Attaching the Fletch

The oldest method of attaching the fletching to the shaft was tying it on with some type of thread and using animal glue. The Native Americans used sinew from the backstrap of bison and deer (it makes 12-15" long strands) and soaked them in hide glue to lock them down. The English used silk or fine linen threads to tie the fletchings onto the shaft. In fact, the English would wind string through all of the fletchings in a spiral fashion to make sure they didn't come off. The English used their very best bone/hide glue to attach the fletchings and often attached the fletchings while stitting near a warm fire so the glue wouldn't set quickly.

Fletching Styles

Fletching is used on the arrow to help keep the tail end of the arrow following the point. The larger the fletching (longer or taller) the more stable the flight, larger fletching also means more drag and slower arrows down range. There are many styles of fletching, so many that I'll only cover a few. The first style most archers are familiar with is the parabolic style. It provides some stability with little drag. The

shield cut is very popular with recurve and longbow archers because it has more stability. The traditional cut (I'm sure there are better names) has even more stability, but has the disadvantage of making a high-pitched humming sound when shot. It can also be noisy when the fingers brush against the ends of the fletching. The banana cut (or hog-backed cut) is nearly as stable as the traditional cut, but doesn't make much noise. The flu-flu style is simply an uncut fletching. It has the most stability, but is loud and really reduces the range of your arrow. Many people use this disadvantage to their advantage when bird hunting. The best thing about making your own fletching is

that you get to experiment with the style that works for you. You can even invent a new one or tweak an existing style.

more care. A feather burner is a wire that is heated using electricity and cuts the feather by burning/melting it. The shaft is rotated and the wire cuts the fletching in the desired style. This process is very bad smelling and should be done in a garage and not inside the house. The oldest method is the scissors method. Just take a sharp set of scissors and cut the fletching in the style you want. The easiest style to cut with a scissors is a triangle. All you have to do is cut a straight line at an angle. I've created a few templates of the banana style. They are pretty easy to make. To make a high-backed banana fletch, take an 8" can and trace out a circle. Then draw a 5" line on the circle. That small area of the circle is your template. To make a lower profile, just use a larger circle. The 8" circle will make a fletching ¾" tall. A 12" circle will make a fletching ½" tall. I like to experiment when I make fletchings for my son's arrows. In fact, I let my son cut his own fletchings sometimes to involve him in the process. Remember, the leftovers from the full-length fletchings that were cut into the 5" fletchings will work well for youth arrows, so don't throw them away. Making fletchings can save you money, is a valuable skill, and allow you to personalize your arrows. It is worth a try if you have the time, like to save money, and would like to try craft some of your own equipment.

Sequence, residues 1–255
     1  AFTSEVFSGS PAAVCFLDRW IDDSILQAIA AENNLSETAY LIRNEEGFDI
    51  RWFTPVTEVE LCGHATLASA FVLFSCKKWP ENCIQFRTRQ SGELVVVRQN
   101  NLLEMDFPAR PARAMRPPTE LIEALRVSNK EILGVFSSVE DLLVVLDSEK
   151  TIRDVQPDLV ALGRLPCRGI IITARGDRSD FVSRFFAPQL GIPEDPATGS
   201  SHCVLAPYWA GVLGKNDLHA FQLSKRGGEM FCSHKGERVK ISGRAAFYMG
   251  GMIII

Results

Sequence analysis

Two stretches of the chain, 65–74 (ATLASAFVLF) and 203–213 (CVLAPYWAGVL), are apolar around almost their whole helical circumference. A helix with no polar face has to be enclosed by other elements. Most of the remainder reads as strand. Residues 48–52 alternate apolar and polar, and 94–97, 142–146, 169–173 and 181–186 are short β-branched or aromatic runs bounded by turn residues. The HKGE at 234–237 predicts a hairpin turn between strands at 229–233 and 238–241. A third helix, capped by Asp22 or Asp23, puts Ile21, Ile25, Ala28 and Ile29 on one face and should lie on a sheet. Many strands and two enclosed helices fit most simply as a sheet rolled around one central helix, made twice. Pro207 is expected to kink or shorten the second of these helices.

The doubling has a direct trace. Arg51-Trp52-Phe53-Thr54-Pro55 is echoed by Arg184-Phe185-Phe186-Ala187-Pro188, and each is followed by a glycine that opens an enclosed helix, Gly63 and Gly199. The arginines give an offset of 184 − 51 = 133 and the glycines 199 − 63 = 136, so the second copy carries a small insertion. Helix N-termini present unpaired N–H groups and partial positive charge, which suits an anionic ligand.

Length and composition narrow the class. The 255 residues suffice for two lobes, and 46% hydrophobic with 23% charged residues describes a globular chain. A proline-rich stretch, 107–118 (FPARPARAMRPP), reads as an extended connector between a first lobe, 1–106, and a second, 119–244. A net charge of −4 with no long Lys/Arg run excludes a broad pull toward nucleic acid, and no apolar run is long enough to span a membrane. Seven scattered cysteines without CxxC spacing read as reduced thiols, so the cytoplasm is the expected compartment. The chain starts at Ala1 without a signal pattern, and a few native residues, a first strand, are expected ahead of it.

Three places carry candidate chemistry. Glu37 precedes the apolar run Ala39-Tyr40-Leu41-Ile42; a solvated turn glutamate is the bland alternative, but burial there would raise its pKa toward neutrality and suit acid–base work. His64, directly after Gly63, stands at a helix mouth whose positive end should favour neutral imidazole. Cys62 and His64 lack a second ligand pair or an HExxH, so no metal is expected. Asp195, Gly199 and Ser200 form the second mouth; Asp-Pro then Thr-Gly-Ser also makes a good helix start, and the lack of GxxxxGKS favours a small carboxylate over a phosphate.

Shaping the Fletch

The chopper is a device with a set of blades that are formed to cut a fletch in a certain style. To operate a chopper, place the fletch in the chopper, rest the blades on the fletch and pound the top down, cutting the fletch in the desired style. You can get choppers for parabolic, shield, traditional, banana, and others. Ground fletchings work the best in a chopper, but stripped or cut fletchings will work with a little